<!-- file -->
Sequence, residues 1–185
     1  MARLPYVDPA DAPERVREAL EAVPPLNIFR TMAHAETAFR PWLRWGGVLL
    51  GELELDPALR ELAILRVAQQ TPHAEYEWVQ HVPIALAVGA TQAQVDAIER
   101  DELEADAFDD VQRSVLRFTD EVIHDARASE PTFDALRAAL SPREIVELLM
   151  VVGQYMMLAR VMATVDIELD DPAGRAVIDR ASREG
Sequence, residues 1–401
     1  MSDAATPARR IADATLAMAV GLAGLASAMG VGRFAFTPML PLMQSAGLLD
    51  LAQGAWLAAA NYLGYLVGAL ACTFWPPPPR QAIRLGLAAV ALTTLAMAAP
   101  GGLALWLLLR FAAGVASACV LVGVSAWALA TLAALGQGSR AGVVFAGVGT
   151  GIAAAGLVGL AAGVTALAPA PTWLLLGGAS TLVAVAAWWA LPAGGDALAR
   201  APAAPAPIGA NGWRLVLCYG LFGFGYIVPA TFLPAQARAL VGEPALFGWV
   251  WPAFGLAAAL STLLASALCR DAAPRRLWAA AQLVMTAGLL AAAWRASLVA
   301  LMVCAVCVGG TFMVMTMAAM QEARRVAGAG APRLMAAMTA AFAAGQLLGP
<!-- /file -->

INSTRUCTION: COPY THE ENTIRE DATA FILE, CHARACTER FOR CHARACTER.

Sequence, residues 1–185
     1  MARLPYVDPA DAPERVREAL EAVPPLNIFR TMAHAETAFR PWLRWGGVLL
    51  GELELDPALR ELAILRVAQQ TPHAEYEWVQ HVPIALAVGA TQAQVDAIER
   101  DELEADAFDD VQRSVLRFTD EVIHDARASE PTFDALRAAL SPREIVELLM
   151  VVGQYMMLAR VMATVDIELD DPAGRAVIDR ASREG
Sequence, residues 1–401
     1  MSDAATPARR IADATLAMAV GLAGLASAMG VGRFAFTPML PLMQSAGLLD
    51  LAQGAWLAAA NYLGYLVGAL ACTFWPPPPR QAIRLGLAAV ALTTLAMAAP
   101  GGLALWLLLR FAAGVASACV LVGVSAWALA TLAALGQGSR AGVVFAGVGT
   151  GIAAAGLVGL AAGVTALAPA PTWLLLGGAS TLVAVAAWWA LPAGGDALAR
   201  APAAPAPIGA NGWRLVLCYG LFGFGYIVPA TFLPAQARAL VGEPALFGWV
   251  WPAFGLAAAL STLLASALCR DAAPRRLWAA AQLVMTAGLL AAAWRASLVA
   301  LMVCAVCVGG TFMVMTMAAM QEARRVAGAG APRLMAAMTA AFAAGQLLGP